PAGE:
In this study, we evaluated the expression of EFNB2, CAMK1D, AREG, and PTGS2 as well as miR-34, miR-145, miR-204-5p, and miR-26-5p in CC and FF of pregnant and nonpregnant RIF subjects. The results showed that the expression of CAMK1D and AREG as well as miR-34-5p and miR-26-5p was higher in CC of the pregnant group than in the nonpregnant group. In addition, the expression of CAMK1D and PTGS2 as well as miR-26-5p was higher in the FF of the pregnant group than in the nonpregnant group. On the other hand, the expression of EFNB2 and PTGS2 as well as miR-145 and miR-204-5p was lower in the CC of the pregnant group than in the nonpregnant group, and the expression of EFNB2 and AREG as well as miR-34-5p, mR-145, and miR-204-5p was lower in the FF of the pregnant group than in the nonpregnant group. The expression of CAMK1D, AREG, PTGS2, miR-34-5p, and miR-26-5p was higher in the CC and FF of the HQ embryos than that of the NHQ embryos. However, these differences were not statistically significant for AREG and PTGS2 in FF as well as CAMK1D in CC. The expression of EFNB2, miR-145, and miR-204-5p was higher in the CC and FF of the NHQ embryos. The difference was statistically significant for EFNB2 in CC and FF as well as miR-145 in CC.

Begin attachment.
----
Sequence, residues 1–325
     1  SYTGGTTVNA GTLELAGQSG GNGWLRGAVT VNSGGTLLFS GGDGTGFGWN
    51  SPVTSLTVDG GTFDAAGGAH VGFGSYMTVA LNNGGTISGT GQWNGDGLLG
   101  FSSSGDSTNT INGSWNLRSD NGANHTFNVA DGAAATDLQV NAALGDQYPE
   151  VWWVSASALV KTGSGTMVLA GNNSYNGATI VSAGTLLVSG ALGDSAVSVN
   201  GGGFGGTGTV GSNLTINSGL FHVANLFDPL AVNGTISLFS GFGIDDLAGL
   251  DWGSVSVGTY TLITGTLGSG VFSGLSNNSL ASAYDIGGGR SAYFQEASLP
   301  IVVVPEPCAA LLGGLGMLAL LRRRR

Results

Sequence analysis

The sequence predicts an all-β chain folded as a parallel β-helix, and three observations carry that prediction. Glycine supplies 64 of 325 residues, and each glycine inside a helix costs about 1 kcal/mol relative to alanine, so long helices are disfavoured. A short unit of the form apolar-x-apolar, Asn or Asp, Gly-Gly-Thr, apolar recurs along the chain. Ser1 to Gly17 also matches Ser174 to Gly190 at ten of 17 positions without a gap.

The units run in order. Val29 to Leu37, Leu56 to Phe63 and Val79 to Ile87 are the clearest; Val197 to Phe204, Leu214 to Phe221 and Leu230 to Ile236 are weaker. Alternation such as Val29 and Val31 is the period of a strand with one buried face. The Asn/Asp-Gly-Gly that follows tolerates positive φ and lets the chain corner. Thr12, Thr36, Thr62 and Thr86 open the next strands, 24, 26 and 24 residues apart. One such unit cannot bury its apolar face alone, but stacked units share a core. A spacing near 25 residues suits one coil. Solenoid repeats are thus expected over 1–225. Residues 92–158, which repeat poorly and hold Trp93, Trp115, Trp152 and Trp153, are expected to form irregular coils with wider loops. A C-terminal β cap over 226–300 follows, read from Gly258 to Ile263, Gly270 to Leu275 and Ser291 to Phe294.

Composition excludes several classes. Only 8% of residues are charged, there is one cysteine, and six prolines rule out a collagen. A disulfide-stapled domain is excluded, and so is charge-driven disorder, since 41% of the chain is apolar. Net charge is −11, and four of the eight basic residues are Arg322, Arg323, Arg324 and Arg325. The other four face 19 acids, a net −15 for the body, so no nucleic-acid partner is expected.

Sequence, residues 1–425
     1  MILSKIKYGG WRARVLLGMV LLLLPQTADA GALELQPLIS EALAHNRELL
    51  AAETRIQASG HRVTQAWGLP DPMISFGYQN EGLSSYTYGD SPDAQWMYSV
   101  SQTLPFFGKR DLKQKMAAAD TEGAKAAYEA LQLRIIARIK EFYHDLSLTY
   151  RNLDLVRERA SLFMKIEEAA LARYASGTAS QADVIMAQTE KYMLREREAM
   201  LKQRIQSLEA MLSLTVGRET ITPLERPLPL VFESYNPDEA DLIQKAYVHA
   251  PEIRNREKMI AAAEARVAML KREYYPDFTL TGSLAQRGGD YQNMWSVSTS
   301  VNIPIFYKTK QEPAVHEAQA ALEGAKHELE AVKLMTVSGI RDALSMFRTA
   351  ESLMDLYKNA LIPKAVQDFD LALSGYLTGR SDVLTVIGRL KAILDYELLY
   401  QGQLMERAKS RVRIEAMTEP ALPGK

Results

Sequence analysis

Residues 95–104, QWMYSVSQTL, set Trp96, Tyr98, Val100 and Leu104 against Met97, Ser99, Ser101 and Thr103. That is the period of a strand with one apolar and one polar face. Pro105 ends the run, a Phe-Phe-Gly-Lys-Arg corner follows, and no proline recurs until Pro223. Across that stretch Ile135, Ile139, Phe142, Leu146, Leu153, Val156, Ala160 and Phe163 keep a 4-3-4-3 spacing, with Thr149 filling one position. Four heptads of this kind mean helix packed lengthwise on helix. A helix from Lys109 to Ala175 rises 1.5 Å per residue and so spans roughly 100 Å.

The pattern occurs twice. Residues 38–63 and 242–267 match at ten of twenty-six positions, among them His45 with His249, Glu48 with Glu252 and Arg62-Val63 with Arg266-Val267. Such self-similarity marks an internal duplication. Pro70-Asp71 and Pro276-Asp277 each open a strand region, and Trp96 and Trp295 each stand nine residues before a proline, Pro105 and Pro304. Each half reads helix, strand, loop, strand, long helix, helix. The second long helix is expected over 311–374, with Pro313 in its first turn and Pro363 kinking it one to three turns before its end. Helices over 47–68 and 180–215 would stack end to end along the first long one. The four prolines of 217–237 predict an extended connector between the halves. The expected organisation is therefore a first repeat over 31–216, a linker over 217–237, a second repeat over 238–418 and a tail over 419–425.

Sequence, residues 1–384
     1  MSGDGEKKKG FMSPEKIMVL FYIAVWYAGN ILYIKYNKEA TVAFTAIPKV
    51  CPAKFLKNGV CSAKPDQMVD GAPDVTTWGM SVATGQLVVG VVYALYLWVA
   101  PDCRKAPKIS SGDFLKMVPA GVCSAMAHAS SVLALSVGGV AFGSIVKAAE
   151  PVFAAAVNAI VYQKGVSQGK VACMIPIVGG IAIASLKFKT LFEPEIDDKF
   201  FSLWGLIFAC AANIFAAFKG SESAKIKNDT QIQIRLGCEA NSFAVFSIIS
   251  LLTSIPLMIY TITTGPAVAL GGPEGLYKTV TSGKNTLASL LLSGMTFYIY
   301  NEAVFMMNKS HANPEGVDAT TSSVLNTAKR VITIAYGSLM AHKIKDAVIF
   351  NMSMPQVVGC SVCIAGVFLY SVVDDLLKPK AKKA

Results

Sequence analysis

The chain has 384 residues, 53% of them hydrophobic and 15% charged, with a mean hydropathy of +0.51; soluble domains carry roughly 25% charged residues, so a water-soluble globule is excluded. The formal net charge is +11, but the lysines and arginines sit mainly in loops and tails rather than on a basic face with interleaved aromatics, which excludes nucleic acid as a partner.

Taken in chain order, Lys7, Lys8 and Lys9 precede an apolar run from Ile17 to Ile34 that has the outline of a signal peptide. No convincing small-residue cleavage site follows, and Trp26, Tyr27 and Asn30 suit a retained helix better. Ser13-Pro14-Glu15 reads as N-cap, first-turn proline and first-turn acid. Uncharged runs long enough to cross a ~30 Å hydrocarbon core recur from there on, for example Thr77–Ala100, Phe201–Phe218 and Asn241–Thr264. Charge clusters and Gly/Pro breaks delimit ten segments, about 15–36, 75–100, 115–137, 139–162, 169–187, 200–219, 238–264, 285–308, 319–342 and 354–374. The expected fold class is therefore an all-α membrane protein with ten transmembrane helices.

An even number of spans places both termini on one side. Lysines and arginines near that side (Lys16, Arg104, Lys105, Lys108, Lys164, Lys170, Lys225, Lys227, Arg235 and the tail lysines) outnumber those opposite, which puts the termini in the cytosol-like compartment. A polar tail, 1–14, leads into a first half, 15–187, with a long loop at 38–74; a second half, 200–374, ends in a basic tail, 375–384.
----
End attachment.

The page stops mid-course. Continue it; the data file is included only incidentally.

The expression of EFNB2 is different in physiological and pathological conditions.[1] EFNB2 plays an important role in the luteinizing of granulosa cells, and its expression increases in CC of aneuploid oocytes.[2] Studies show that EFNB2 expression can be used as a predictor of pregnancy.[45],[46],[47] Interestingly, we observed that EFNB2 expression was significantly higher in the nonpregnant group than in the pregnant group. In addition, EFNB2 expression of HQ embryos was significantly lower than that of NHQ embryos [Figure 5]. Thus, embryos aneuploidy could be the reason for pregnancy failure.